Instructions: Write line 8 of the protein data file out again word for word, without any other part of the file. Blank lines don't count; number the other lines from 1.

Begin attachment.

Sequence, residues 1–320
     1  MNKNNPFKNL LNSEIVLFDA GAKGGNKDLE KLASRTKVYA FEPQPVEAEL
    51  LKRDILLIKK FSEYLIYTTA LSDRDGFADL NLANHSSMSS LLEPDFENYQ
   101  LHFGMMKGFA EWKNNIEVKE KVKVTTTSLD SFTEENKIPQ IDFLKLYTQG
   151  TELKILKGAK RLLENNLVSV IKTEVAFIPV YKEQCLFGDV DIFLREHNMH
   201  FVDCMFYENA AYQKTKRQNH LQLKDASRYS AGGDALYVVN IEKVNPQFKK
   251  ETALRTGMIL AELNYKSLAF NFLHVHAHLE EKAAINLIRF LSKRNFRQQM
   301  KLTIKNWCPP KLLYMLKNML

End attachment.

   301  KLTIKNWCPP KLLYMLKNML